TECH CHECK WHEN YOU LEAVE AN ABUSER

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Make Sure You’re Not Being Tracked by Ex-partners

According to the National Domestic Violence Hotline, it takes an average of seven times before a survivor gets away for good from an abuser.

It’s hard to remember how intertwined your data has become in today’s technology based world. Unfortunately, it plays a big role in how abusers control their victims. it even has a new name: “Stalkerware”.

STOP your physical and online freedom from being stolen:

Set Up Your Lockscreen and Passwords

If you don’t already have your lockscreen on your phone set up, do that now. And even if you do have it set up, change your PIN to something completely random so that your abuser can’t figure it out. The same goes for iPads and passwords on any laptops or desktops. Physical access to your devices gives your abuser an immediate view into so many personal aspects of your life, so the first step to protecting yourself is that passcode or password.

Run Separate Antivirus & Malware Scans Regularly

Antivirus & Malware scans aren’t just for stuff coming in from outside anymore — it’s also for detecting what we call “potentially unwanted programs” (PUPs), which include stalkerware, and other potentially malicious apps. A good program (free or premium) will let you know if your devices have any PUPs. [In fact, Avast helped Google remove eight of the most common stalkerware apps from their Play Store last year].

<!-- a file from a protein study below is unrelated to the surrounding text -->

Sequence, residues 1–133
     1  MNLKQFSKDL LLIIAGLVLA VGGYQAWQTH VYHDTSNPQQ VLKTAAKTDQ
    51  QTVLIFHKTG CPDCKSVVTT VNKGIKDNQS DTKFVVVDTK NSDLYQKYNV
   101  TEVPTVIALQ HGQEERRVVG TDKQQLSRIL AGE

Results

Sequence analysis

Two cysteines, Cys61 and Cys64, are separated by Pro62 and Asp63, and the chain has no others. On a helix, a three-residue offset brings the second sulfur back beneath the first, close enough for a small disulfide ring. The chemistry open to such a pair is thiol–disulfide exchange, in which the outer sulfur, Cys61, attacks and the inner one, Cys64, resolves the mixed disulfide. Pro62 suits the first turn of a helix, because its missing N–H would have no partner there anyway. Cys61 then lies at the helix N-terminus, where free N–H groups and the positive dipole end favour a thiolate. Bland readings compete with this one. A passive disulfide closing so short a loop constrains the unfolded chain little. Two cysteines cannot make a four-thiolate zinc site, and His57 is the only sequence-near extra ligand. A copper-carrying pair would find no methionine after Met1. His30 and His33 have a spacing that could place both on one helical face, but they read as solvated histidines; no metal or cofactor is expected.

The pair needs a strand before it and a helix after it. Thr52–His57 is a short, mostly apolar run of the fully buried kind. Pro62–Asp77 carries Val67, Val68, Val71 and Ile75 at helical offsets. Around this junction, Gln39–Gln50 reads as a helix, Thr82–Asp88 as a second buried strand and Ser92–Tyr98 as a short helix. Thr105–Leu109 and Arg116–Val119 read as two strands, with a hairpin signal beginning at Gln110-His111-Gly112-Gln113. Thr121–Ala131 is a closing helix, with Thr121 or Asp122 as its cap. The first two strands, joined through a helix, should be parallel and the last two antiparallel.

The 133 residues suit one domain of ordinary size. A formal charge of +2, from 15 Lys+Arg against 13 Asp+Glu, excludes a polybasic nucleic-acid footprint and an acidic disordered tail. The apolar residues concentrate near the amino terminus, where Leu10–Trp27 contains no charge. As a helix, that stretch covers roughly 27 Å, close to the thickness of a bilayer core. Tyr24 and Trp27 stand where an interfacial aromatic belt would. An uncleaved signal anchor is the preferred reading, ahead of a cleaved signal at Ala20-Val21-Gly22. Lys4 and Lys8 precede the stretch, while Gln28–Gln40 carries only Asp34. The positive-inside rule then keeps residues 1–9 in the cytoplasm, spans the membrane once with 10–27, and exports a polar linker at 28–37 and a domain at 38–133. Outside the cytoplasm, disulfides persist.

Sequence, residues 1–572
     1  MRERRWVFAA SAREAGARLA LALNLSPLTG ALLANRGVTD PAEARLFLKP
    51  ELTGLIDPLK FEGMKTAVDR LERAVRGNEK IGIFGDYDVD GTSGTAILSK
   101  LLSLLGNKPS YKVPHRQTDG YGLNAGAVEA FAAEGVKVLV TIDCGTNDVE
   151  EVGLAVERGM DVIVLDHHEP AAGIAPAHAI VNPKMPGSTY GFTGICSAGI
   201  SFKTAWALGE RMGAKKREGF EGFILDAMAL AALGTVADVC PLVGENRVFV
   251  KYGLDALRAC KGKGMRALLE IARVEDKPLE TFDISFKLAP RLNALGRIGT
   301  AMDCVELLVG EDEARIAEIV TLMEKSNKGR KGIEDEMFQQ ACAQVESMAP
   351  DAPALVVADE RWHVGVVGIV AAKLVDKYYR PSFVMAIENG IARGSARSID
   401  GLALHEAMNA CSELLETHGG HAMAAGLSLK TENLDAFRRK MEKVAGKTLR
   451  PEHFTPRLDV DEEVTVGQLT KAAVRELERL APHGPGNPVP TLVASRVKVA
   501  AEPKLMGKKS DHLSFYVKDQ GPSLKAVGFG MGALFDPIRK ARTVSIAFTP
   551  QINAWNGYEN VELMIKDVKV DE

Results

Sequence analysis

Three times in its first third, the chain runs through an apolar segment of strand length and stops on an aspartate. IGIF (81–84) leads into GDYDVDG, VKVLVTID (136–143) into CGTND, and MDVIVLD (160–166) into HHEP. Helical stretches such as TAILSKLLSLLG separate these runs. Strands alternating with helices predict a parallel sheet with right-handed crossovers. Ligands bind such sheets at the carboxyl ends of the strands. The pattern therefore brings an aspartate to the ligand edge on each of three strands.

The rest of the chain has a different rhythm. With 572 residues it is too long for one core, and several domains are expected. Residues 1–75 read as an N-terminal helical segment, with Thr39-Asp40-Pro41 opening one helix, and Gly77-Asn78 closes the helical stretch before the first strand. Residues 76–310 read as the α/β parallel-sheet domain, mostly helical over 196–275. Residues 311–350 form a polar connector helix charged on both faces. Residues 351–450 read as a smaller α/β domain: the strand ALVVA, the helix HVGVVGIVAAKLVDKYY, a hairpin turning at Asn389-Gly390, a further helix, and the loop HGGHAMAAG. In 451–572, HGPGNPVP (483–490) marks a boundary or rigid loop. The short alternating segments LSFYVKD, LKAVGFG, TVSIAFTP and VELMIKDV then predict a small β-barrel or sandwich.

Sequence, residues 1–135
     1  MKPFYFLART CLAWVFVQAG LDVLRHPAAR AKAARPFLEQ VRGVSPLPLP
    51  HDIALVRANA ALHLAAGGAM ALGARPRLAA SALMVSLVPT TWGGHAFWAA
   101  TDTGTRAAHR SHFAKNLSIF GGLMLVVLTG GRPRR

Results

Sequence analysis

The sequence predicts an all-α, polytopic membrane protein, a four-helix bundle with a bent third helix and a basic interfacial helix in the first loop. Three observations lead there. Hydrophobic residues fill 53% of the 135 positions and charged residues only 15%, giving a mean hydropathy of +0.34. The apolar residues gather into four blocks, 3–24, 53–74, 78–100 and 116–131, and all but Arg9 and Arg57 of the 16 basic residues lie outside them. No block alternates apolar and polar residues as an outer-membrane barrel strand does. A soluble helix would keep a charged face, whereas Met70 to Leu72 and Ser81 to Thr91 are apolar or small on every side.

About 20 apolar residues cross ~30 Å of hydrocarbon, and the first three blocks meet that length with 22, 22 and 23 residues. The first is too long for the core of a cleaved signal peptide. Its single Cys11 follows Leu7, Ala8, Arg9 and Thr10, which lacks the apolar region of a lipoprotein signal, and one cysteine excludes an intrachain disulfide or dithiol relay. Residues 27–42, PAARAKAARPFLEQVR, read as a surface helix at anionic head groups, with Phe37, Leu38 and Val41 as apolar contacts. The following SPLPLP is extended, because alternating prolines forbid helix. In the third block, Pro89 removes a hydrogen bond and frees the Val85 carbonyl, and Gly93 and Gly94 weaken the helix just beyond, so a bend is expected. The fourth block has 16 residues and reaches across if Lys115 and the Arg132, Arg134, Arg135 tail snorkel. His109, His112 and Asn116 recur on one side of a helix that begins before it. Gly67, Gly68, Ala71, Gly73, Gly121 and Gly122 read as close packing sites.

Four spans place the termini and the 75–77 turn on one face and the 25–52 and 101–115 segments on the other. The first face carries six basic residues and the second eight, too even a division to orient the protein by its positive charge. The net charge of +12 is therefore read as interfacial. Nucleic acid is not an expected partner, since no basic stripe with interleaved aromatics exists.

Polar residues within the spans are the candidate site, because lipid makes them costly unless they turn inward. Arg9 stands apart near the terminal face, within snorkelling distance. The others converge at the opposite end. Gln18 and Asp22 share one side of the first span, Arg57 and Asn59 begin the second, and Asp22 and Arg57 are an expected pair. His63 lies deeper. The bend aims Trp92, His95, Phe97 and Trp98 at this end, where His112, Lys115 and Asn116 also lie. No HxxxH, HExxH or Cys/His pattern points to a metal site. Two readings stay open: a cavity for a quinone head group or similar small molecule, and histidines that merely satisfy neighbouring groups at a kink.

Recheck Your Phone

Once you’ve removed unwanted apps, run a quick check to see if anything was missed. I don’t think that’s likely, but sometimes things do slip through the cracks and I’d rather you be safe than anything else.  Reboot your phone into safe mode, go to Settings, and tap Apps or Apps & Notifications. You can uninstall anything you don’t recognize right from there.

Find My iPhone is a great tool that helps Apple users track down missing and stolen devices and also stay in touch with loved ones. But, unfortunately, it can also be used by an abusive partner to track your movements. Make sure that your ex is kicked off of Find My to ensure they won’t be able to tell where you are when you leave.

Disconnect Shared Google Accounts

Unless you tell it not to, Google will keep track of your location history. Disable any shared Google accounts to ensure that they don’t have access to that data. Alternatively, you can turn off location tracking in Google Maps, which might be less obvious to your abuser than kicking them out completely.

Check Location Sharing

Google Maps, iMessages, and Facebook Messenger let people share their locations with whomever they choose. But when you’re leaving an abusive relationship, these features can be used to track you. Go into all three and double-check that you haven’t left location sharing on. Even if you never remember using it in the first place, your ex partner could have turned it on without your knowledge.

Female or Male Victims of Violence: Reach out for help

When you’re ready to leave, reach out for help and support. It’s worth considering using someone else’s device, if that’s an option, as your partner might still have access to yours. Search for domestic violence support organizations in your area and remember —

YOU CAN DO THIS

1 thought on “TECH CHECK WHEN YOU LEAVE AN ABUSER

  1. I know I say this way too often, but WOW. I have work to do. I my phone and my laptop. Some of these things I don’t understand, so I’ll need help. This is soemthing every person who uses a phone/tablet/laptop, should learn and act on. Thanks for sharing such critical issues and offering solutions.

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